These specialized caregivers practise an advanced level of nursing
also manage independent clinics andcarry their own patient caseload.
With a growing number of NPs inAlberta’s health-care system, patientscan access comprehensive care fasterand more easily.
Of the 321 nurse practitioners inAlberta, 229 work for Alberta HealthServices, most in hospitals.
“For the first time in the province,
nurse practitioners now have
their own outpatient clinics,” says
Christene Evanochko, a neonatal
nurse practitioner and professional
practice leader. “We’re seeing results
in improved patient satisfaction,
better continuity of care and, in some
instances, decreased length of stay in
Evanochko stresses nurse
practitioners are not a substitute for
physicians. Rather, they collaborate and
consult with them.
In Salamon’s case, Thomas ran abattery of tests to assess her heart healthand found her to be at high risk for aheart attack. She then gave Salamon theresources to manage her blood pressure,cholesterol, weight and blood sugar.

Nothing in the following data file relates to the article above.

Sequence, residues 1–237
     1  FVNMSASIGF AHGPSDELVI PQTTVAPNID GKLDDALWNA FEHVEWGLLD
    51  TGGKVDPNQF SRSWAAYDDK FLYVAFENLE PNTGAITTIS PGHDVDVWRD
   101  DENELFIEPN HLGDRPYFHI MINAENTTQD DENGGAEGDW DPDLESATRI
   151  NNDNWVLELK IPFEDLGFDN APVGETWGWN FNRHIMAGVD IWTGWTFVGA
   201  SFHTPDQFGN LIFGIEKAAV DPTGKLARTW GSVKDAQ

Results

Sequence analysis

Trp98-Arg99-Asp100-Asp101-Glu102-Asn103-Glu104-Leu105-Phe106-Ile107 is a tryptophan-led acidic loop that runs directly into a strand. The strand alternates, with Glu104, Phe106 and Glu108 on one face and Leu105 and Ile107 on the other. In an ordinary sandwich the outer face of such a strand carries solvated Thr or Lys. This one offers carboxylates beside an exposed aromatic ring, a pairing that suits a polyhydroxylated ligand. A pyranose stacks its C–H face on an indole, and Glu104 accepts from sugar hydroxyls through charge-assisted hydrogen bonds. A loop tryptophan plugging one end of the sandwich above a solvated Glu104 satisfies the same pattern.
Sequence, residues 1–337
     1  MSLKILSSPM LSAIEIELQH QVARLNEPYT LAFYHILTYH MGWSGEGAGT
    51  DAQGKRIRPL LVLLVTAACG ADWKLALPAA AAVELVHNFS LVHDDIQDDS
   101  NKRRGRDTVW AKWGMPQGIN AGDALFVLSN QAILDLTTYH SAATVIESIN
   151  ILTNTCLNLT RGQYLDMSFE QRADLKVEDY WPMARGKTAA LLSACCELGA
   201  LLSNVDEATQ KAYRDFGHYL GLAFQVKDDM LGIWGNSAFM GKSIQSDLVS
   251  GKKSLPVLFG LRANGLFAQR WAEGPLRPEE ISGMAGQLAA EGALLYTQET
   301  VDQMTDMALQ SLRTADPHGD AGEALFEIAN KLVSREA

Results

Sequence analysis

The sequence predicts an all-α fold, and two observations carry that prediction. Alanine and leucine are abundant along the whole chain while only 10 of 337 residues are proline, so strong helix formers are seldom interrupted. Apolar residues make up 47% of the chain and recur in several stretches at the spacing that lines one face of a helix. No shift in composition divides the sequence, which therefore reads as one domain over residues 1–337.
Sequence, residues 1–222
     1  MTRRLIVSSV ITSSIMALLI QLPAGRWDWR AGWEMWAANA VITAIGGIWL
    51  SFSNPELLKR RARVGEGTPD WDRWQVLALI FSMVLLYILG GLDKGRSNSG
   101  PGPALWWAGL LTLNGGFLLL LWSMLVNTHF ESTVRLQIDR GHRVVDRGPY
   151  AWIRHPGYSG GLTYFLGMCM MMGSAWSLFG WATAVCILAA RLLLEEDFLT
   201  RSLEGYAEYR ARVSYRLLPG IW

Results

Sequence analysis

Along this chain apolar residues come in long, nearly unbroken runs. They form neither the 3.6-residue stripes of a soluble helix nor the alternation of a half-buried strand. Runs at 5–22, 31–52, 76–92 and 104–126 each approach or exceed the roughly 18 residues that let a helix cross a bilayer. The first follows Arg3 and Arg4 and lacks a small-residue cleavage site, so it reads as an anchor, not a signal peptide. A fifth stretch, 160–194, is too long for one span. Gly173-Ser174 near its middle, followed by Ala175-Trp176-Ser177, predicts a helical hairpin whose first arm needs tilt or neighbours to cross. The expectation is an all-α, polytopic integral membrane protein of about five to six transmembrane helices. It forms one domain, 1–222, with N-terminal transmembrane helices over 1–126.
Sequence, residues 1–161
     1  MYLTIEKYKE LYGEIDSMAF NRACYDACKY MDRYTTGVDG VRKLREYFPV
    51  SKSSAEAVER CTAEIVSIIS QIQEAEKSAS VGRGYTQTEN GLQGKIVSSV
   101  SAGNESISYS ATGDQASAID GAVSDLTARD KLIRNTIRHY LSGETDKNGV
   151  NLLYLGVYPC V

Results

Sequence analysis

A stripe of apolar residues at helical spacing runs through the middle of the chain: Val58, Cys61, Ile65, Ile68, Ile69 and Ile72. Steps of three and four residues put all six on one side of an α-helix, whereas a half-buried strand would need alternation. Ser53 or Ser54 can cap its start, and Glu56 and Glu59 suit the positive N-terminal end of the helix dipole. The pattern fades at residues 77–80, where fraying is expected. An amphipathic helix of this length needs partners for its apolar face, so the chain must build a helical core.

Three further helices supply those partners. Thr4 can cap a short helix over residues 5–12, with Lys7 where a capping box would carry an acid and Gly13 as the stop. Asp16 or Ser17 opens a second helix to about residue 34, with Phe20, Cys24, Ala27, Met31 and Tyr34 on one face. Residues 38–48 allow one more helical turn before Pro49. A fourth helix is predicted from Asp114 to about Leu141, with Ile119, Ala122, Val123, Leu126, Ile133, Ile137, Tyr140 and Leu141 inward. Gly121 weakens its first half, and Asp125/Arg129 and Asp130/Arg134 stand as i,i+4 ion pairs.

“These days, I feel really, really good,”says Salamon. “I’m just tickled pinkwith Jissy’s care. I followed her planand today she tells me I’m her healthiestpatient.”— Gregory Kennedy
Margaretha Salamon had neverseen a nurse practitioner in her life untilthe day she went to the hospital withchest pains.
Within hours, and after seeinga cardiologist, the 78-year-oldgrandmother was introduced to nursepractitioner Jissy Thomas, who managesthe new Cardiovascular Risk ReductionClinic at the Mazankowski AlbertaHeart Institute.
Salamon is one of a growing numberof Albertans to receive care from nursepractitioners, or NPs. These specializedcaregivers practise an advancedlevel of nursing and are licensed todiagnose and manage chronic illnesses,order diagnostic tests and prescribetreatments and medications. They can
more than you think